This is a beginner level article giving basic introduction to SOAP. The purpose of this article is to introduce the SOAP concept. This article does not address 'How to Build a SOAP Server/Client'. I plan to publish a separate article on how to build a SOAP Server/Client soon.
What is SOAP?
SOAP is acronym for Simple Object Access Protocol. Simply put, SOAP = XML + HTTP. SOAP sends XML request to SOAP server over HTTP and receives the response back in XML. Since HTTP is the de facto mode of communication in Internet and all the web servers recognize and respond to HTTP request, it is an ideal protocol to use to enable integration of various systems. XML is emerging as a de facto standard to exchange information over disparate systems. SOAP's use of XML to send/receive message enables any system on any platform to read and process the message, unlike any proprietary format.
What is the need for SOAP?
Before we get into the need for SOAP, let's discuss the problem with existing technologies. Did you ever try to make your COM components distributed? I mean, if COM component resides on a different machine or network, how successful were you in using that component? Not much, uh?
Existing technologies like DCOM or CORBA can make your component distributed. However, DCOM/CORBA uses Remote Procedure Call (RPC) for communication which doesn't work well across Internet. Further, both the client and the server have to have similar or the same system and OS for DCOM/CORBA to work. You may also have to spend some time on setup, to make these solutions work.
For these reasons and more, DCOM/CORBA solutions may not be considered as supporting true distributed components. What I mean by true distributed component is, the client and server can be disparate. The client and server can have different operating systems, run on different kind of machines and network. Since SOAP uses XML over HTTP to communicate, SOAP offers true distributed component support.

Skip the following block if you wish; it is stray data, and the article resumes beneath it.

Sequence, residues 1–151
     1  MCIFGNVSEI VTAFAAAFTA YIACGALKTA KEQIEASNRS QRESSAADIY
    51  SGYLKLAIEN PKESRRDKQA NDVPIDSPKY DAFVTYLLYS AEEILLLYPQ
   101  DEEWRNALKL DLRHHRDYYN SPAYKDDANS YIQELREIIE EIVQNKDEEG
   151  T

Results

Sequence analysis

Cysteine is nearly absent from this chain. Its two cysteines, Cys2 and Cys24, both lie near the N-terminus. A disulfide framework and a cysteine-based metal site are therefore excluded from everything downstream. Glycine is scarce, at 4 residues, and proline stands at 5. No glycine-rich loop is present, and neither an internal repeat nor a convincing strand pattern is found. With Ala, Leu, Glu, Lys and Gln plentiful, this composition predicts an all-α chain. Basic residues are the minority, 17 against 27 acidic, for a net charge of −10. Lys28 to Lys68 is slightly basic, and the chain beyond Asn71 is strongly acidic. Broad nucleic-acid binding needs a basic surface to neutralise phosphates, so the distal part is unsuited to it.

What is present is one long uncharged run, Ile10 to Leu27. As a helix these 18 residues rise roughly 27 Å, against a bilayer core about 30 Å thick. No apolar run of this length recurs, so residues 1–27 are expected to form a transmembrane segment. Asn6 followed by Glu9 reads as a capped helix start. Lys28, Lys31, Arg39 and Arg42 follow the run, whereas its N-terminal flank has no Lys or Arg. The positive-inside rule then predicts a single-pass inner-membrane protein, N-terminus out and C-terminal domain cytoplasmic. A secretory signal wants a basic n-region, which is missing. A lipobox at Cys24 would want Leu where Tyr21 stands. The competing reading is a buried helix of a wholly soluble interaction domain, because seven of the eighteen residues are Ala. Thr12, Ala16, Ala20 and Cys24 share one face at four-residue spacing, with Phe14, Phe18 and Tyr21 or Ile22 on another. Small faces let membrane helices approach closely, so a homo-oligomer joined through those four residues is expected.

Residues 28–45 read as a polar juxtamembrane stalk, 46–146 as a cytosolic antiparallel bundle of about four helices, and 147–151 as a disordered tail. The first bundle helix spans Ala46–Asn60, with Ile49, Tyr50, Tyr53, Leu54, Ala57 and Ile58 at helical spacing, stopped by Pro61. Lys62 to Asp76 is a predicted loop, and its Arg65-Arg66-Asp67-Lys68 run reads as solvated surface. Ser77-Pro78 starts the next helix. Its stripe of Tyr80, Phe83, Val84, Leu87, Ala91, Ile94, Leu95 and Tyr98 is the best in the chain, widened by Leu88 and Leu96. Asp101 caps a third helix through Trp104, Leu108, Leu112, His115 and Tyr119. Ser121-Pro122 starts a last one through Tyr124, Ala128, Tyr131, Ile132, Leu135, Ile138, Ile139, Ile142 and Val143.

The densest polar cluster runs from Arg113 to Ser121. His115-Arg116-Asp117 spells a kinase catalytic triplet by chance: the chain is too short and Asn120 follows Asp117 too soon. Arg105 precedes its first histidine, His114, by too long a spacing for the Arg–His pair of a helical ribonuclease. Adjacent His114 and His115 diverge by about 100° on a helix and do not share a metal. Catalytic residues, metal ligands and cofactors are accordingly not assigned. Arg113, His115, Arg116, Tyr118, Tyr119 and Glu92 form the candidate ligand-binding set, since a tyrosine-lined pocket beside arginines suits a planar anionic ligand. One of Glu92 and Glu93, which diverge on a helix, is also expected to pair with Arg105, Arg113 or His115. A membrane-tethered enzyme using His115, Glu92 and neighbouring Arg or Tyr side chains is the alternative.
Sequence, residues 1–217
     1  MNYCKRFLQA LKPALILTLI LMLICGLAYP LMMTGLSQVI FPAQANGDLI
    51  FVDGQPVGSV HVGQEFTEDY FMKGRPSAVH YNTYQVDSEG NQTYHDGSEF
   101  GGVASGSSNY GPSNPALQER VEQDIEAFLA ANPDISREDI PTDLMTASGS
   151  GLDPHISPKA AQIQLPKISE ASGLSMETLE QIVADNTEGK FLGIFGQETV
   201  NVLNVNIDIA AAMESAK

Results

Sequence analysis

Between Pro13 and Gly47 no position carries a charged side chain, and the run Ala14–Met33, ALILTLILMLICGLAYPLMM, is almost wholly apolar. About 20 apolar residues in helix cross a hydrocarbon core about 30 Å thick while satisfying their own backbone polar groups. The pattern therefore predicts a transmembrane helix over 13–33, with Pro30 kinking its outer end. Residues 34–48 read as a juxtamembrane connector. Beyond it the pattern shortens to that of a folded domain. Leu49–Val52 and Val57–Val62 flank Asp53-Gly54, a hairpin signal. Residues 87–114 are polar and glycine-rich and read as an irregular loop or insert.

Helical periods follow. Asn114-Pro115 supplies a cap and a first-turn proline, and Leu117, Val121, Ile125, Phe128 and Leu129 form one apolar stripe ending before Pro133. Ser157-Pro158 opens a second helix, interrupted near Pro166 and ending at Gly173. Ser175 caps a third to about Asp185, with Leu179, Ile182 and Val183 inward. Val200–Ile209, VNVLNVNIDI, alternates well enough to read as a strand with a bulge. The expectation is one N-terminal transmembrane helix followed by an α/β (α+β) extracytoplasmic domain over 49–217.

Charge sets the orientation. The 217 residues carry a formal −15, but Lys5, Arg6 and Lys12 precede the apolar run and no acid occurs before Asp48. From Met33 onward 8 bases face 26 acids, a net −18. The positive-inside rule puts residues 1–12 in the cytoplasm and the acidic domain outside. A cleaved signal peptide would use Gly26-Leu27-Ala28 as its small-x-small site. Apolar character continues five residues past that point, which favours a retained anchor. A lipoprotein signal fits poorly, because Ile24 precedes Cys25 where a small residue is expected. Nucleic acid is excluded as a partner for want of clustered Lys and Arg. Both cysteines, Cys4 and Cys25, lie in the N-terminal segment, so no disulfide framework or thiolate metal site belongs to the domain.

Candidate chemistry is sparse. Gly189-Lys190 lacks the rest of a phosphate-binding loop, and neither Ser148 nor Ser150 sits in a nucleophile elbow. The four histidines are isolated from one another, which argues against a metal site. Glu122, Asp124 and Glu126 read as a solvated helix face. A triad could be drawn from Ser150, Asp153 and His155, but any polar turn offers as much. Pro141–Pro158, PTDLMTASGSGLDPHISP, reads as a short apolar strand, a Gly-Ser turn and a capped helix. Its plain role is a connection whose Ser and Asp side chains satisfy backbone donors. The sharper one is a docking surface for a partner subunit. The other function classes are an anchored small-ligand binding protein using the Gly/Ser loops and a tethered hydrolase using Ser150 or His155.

Please note that SOAP is not a replacement for COM or CORBA. However, COM/CORBA can use SOAP to enable them work across the Internet.
You will encounter all of these jargons below sooner or later and I will give you a basic idea of what these jargons mean.
WSDL stands for Web Service Description Language. WSDL is an XML document that describes the operations provided by the service. For each operation, WSDL will define the schema for request and response XML string. For e.g. if you provide a web service operation that accepts Farenheit as input and returns Celsius degrees as output, part of the WSDL that describes this will look like below:
<textarea rows=7 cols=80>
<PART type="xsd:short" name="Farenheit" />
<PART type="xsd:short" name="Result" />
Web Service Meta Language maps a web service operation to a COM component's method. For Farenheit to Celsius degrees web service, WSML will look like below:
<textarea rows=16 cols=80>
<using PROGID='FtoC.TempConverter.1' cachable='0'
<execute uses='TempConverterObject' method='FarenheitToCelcius'
<PARAMETER name="Farenheit" elementName="Farenheit" callIndex="1" />
<PARAMETER name="retval" elementName="Result" callIndex="-1" />
In this section, I will give you a brief overview of the whole server side and client side process involved in making a SOAP request. The diagram below gives an overall idea of what is involved in making SOAP calls.
- SOAP Client will initiate the process by making a SOAP request. In this process, client will refer the WSDL file which resides in the SOAP server, to form a valid SOAP request. (Steps 1 and 2 in the diagram)
- Client will send the request to the SOAP server using HTTP.
- SOAP Listener will receive the SOAP request from the client. Theoretically, Listener can be any server side CGI that can process HTTP request. However, Microsoft's SOAP Toolkit 2.0 can only support ASP and ISAPI.
- Listener will make sure the request adheres to the schema defined in WSDL (Step 3)
- Once the request is validated, listener will figure out appropriate method to call in the COM component with the help of WSML file.
- COM method will be called. (Step 4)
- The result from the COM method (Step 5) will be packaged into SOAP XML response (Step 6) in accordance with the scheme defined in WSDL.
- Client will receive the SOAP response.
- Client can unpack the SOAP response and read the result.
Note that Microsoft SOAP objects/APIs that are part of Microsoft's SOAP Toolkit will help you to do all of the above processes.
SOAP uses the common standards, XML and HTTP, to promote interoperability between heterogeneous systems anywhere on the Internet. Web services are fast emerging as a new solution paradigm and it won't be too long before you start building web services using SOAP.